Is a Pharmacist a Doctor?
Is a Pharmacist a Doctor?
To answer this simply, yes and no. Pharmacists are required by law to hold a doctoral degree in the field of pharmacy. This means they are not the same thing as what you would normally think of when you think of the word 'doctor'. They have many differences legally and professionally.
So the answer is, technically, yes. But they are not the same type of doctor as what I’m assuming you’re googling this question for. But don’t worry, we’ll be covering everything you need to know about the differences between pharmacists and doctors in this blog post. You won’t need to head to Reddit and ask if pharmacists are doctors.
When did Pharmacists become Doctors?
As of January 1st, 2003 all pharmacy students were required to earn a Pharm. D. degree and that still stands today. Before 2003, pharmacists upon graduation owned the title of “Registered Pharmacists or RPh” after their name. So now you know when pharmacists started requiring a phd. Which is a long and arduous journey to obtain.
What is the proper title for a pharmacist?
A degree which is a doctorate in pharmacy would make them Doctors of Pharmacy. They may become professors and their proper title would be Dr. The current pharmacy degree in the U.S. is a Pharm. D. or Pharmacy Doctor degree (a 6 year degree), these individuals call themselves and each other doctor.
How to address a pharmacist?
This ties closely with the proper title for a pharmacist.
Doctor of Pharmacy, Pharmacist
Envelope or address block on an email:
(Full Name), (Academic Title)
Sean Rush, PharmD
4321 Example Rd
Farmington, MI 11111
Depending on the degree, if they were working prior to 2003 as mentioned above, you may refer to them as:
Dear Mr/Ms. (Surname)
Dear Dr. (Surname)
Are Pharmacists Doctors in Canada?
In some cases, yes. Here is what you need to become a licensed pharmacist in Canada:
- A bachelor’s degree or doctor of pharmacy degree from one of 10 Canadian universities
- To complete a national board examination through the Pharmacy Examining Board of Canada (PEBC) (except Quebec)
- Practical experience through an apprenticeship or internship program
- Fluency in English or French or both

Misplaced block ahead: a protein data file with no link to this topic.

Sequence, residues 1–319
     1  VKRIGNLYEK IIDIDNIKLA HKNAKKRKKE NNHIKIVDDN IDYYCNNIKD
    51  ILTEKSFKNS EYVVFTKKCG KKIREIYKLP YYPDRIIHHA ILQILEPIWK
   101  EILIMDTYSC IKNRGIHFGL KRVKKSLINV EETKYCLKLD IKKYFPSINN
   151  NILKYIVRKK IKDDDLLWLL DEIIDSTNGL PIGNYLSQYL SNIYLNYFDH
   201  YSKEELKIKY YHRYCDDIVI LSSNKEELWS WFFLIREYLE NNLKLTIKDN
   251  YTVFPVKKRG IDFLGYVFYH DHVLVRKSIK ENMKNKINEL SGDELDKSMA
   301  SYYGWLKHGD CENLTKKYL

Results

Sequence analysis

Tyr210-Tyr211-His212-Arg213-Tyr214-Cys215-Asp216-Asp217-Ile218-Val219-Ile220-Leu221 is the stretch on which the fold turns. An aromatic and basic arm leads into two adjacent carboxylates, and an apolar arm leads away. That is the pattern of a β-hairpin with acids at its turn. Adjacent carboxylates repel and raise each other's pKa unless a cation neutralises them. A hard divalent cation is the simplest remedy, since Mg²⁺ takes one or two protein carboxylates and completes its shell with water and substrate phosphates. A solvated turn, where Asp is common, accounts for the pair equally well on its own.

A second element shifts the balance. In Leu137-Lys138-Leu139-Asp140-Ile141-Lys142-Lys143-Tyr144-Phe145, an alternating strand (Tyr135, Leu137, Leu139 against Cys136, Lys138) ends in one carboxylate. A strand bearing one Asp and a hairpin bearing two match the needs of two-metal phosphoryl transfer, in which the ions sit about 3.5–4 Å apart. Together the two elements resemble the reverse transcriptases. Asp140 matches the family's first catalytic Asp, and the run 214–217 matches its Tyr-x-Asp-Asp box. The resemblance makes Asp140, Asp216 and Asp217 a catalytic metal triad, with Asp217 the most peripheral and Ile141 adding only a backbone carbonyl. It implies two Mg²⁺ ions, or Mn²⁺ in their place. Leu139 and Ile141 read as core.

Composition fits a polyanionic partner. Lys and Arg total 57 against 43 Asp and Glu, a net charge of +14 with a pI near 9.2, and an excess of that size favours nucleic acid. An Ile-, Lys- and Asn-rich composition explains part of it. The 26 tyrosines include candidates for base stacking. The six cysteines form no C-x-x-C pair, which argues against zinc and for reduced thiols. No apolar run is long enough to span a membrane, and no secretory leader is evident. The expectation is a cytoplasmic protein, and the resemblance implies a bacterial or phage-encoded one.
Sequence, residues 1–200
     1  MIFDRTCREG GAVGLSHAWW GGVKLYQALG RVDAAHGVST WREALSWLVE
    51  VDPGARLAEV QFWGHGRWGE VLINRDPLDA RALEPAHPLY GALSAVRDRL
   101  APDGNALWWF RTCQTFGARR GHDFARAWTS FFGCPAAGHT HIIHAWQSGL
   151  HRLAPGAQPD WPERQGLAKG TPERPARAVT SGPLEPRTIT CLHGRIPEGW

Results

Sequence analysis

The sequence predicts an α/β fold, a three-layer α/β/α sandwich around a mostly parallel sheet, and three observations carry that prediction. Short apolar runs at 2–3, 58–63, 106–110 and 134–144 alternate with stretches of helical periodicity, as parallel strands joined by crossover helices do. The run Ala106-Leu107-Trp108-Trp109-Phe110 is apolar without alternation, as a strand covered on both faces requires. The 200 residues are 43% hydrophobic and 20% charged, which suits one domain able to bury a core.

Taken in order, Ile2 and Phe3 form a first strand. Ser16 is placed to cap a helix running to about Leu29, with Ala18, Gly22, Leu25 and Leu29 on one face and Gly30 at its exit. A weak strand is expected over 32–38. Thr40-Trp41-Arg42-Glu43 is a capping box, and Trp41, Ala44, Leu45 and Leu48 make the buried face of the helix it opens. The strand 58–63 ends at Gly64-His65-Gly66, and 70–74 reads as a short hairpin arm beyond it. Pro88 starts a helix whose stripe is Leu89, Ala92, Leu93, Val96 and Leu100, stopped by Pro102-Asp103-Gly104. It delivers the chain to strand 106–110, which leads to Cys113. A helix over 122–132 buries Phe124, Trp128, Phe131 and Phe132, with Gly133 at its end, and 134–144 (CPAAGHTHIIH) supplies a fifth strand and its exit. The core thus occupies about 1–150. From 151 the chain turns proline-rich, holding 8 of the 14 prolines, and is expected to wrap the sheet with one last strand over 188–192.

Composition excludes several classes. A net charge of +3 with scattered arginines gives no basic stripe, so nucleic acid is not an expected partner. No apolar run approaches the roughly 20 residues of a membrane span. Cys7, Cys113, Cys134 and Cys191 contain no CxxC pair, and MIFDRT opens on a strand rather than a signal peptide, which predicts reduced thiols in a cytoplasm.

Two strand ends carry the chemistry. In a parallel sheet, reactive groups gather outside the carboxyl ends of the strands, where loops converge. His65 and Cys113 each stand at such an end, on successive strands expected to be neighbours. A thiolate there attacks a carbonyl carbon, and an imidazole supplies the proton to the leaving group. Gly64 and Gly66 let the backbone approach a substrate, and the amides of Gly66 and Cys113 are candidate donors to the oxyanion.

The profession of pharmacy is regulated on a provincial and territorial level. The regulatory authorities are directly responsible for granting pharmacist licenses, assessing the competency of pharmacists and ensuring public safety. For more specific information regarding pharmacists per province, please click here to visit the National Association of Pharmacy Regulatory Authorities (NAPRA). Make sure you follow these laws.
Pharmacists vs. Doctors Knowledge Comparison
Doctors have a medical degree and a medical license. They are also required to fulfill the requirements of residency for their license. They examine patients, diagnose them with medical conditions, and determine their plan for treatment. This may or may not involve prescribing medication.
Pharmacists, on the other hand, have a doctoral degree in pharmacy and a pharmacist license. They may also have to complete a residency. On occasion, pharmacists may perform basic medical procedures, such as giving patients fly shots, they can’t prescribe medication or perform complex medical procedures of any kind. A pharmacists’ primary duty is to ensure patients have the correct medicine and know how to use it.
What do Pharmacists study?
Students who have completed college or at least two years of undergraduate study can apply to a PharmD program. PharmD programs expect you to have completed certain classes, including biology, general and organic chemistry, physics, math, statistics, English, history, and economics. The Pharmacy College Application Service (PharmCAS) maintains a list of PharmD schools and their required classes.
Many PharmD programs require applicants to take the PCAT, a pharmacy school entrance exam. PharmD programs also consider college GPAs when deciding whether to admit applicants. Admissions requirements vary considerably among schools and colleges of pharmacy. Most programs require applicants to use PharmCAS, an online application accepted by most PharmD programs.
You’ll then need to be licensed. All states require pharmacists to be licensed. Licenses are typically transferable from state-to-state.
The Salary for a Doctor of Pharmacy
According to PayScale, a Doctor of Pharmacy (PharmD) Degree will pay you an average of $121,539 annually.
Being a Pharmacist will bring you in $116,000 annually.
A Clinical Pharmacist will bring in $118,000 annually.
A Pharmacy Manager makes around $135,000 annually.
Pharmacy Director makes around $145,000 annually.
Clinical Pharmacy Specialist’s make around $121,000 annually.
Staff Pharmacists make around $114,000 on an annual basis.
Pharmacists in Charge bring in around $125,000 annually.
So as you see, your salary can fluctuate depending on what specific pharmacist role you end up taking. Now you know what pharmacists make.
Are Pharmacists rich?
According to WorldData, the United States average income is $65,850 per year. Meaning, if a pharmacist makes $121,539 on average annually, they bring in almost double.
To conclude, becoming a pharmacist is an incredibly wise career choice. You have a good balance of worklife and professional life and the income you bring in will be plenty for the United States. Remember what you learned today about if pharmacists are doctors or not. It’ll be a good tid bit to share with your friends at your next gathering. If you work in the healthcare field, don’t forget to check out our niche healthcare job board, Healthcare Consultant.